Paving the Way for Siblings

Paving the Way for Siblings

By Katy Thomson

Having another child can bring many changes to a family. Preparations for a new baby can take a lot of parent’s time and/or emotional energy. After the baby is born, much of the family’s attention revolves around caring for the newborn, much as it did when their first child/children were born. The challenge comes with learning to balance the needs of a newborn with those of older children.


Keeping communication open, tapping into your empathy, and using these tips below can help to make this transition a smoother and enjoyable one.


Parents can help prepare children for a sibling by discussing the pregnancy, changes that may happen and what babies need/do in terms that make sense to them. Allow your child’s questions to guide you into how detailed to get.




  • Establish the routine that will be in place once baby
  • arrives; daycare or other changes in routine or
  • adults in their life
  • Look at the child’s baby books or photographs
  • Involve the child in caregiver appointments with the midwife or doctor
  • Read books about babies and becoming a big brother/sister
  • Give child a doll/teddy to care for
  • Let child know who will care for them during the birth, prepare them for home labour and or birth
  • Pack their own birth (sleep over) bag
  • Spend time with other newborns
  • Child can make a box with their older baby toys/clothes to pass on to baby
  • Child may want to buy a gift for baby, or pick out an outfit/blanket to pass on
  • Any big transitions like moving to a toddler bed, toilet training, car seat position changing, new room, should be done a few months before/after baby is born, and not too close to the birth




  • Let the child introduce their new sibling to visitors
  • Bake and decorate together a birthday cake for baby
  • Include child in baby care, by asking if they would like to and accepting when they don’t
  • Child can sing and entertain baby (this gets better once baby starts to laugh)
  • Ask the older sibling what they think baby needs/why they might be crying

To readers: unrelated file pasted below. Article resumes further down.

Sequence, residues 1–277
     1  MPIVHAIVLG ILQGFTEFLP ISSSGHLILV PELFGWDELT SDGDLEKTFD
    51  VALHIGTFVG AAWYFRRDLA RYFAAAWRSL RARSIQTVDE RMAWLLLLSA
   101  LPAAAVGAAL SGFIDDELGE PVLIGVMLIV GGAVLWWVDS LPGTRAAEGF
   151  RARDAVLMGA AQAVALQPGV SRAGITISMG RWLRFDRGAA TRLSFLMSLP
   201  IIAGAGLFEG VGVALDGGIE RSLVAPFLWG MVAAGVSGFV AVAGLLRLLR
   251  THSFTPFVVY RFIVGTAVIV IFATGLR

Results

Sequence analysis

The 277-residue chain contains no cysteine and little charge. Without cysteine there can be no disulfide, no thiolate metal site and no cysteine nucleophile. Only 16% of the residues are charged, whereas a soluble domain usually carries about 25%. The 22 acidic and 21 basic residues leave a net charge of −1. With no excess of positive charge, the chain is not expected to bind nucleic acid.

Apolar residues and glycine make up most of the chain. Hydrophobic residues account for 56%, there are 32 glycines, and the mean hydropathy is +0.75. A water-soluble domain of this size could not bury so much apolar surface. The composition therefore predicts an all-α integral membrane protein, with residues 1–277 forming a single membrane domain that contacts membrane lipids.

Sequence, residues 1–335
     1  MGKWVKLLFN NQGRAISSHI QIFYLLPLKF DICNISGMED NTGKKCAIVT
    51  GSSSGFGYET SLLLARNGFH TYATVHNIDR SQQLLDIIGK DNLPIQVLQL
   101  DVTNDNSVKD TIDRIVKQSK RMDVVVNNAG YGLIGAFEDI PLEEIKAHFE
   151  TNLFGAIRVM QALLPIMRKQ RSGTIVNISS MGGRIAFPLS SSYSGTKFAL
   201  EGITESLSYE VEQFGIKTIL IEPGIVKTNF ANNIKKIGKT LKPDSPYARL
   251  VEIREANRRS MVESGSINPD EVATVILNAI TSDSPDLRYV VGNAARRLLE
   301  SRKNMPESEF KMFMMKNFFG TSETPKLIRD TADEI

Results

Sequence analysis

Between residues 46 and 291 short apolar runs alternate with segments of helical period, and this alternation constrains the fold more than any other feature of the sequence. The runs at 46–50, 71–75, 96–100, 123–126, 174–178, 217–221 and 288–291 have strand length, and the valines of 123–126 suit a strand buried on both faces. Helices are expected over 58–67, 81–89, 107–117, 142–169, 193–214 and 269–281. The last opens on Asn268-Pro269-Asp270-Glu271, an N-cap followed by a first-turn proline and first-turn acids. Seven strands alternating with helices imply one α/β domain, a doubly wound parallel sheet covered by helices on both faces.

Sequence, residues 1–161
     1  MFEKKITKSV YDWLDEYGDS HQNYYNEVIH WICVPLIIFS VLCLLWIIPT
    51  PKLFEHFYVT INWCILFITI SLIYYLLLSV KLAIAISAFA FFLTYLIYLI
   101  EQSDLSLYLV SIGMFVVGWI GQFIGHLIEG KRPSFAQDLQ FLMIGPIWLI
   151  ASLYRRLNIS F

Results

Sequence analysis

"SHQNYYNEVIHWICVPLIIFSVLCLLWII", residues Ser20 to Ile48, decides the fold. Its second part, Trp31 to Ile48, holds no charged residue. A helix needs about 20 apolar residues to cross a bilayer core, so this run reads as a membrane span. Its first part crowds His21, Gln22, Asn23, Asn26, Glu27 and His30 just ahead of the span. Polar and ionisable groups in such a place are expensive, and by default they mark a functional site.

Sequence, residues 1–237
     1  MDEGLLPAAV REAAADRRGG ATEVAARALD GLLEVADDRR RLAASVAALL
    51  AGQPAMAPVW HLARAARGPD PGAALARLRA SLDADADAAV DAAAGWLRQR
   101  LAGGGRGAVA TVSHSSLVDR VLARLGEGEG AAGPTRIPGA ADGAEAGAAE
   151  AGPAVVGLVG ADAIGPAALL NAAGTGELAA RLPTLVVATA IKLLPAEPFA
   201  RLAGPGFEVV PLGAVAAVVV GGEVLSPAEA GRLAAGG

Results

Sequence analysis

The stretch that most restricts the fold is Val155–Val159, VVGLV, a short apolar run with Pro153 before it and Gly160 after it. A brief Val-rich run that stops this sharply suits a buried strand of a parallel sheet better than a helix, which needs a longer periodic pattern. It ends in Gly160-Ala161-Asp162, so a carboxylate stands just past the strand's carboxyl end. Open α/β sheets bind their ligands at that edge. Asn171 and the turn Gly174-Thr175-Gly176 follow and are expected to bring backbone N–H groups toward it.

• Emphasize baby’s love for child but never the other way around. Your older child may not be feeling loving towards baby at that moment, it is important to let children air their feelings, and to listen no matter what they say. You may help younger ones by paraphrasing feelings with empathy, helping them to name emotions.




  • Make special one on one time with child, with full attention, daily if possible even 15min
  • Physical contact; holding, carrying, piggybacks, cuddling….. with older child
  • When child first meets baby, put baby down and greet them first with a hug, then introduce baby and say how excided you are for them to be big brother/sister
  • Surprise bags for when baby is getting gifts. Ask for no gifts, or also for big brother/sister gifts
  • Snack baskets and activity baskets prepared for cluster feeding/fussy baby times, e.g. Aquadoodle, puzzles, Magnadoodle, books that colour with only water, Duplo set
  • Use slings/carriers to meet babies needs and have your hands free to meet child’s
  • Never blame the baby as the reason the child’s needs cannot be met. This will breed resentment. Example; “I can’t because I’m feeding the baby”. Instead try; “Yes I would l like to in x amount of minutes or when daddy gets home”

All this change can be hard for new big brothers/sisters to handle. It’s common for them to feel jealousy toward the newborn and to react to the upheaval by acting out. Try to understand what emotions might be motivating that behaviour. A month or two may even pass before you see real tantrums and attention seeking behaviour. Try and work in as much one on one time with your child during the honeymoon period to alleviate feeling left out. Encourage older children to talk about their feelings, and make space for their other interests as well, not always talking about the new baby.


It truly does take a village to raise a family and siblings are one of the biggest influences on each other. One of the most joyous parenting experiences is watching the bond grow between your children. Enjoy.

Katy Thomson has been involved with the wondrous world of birth for over fifteen years. Katy is a mum of three, a Breastfeeding Counselor, Childbirth Educator, as well as a certified Birth and Postpartum Doula, who is always continuing her education and working towards a lactation consultant certification.

Katy Thomson is the instructor of our Refresher Workshop.This rewarding four hour prenatal workshop is specially designed for second (or third) time parents. It includes everything from birth to breastfeeding. Discover ways to reduce sibling rivalry, to help your youngsters cope with the changing family, and to connect with your new baby while maintaining your bond with the first.

Register here


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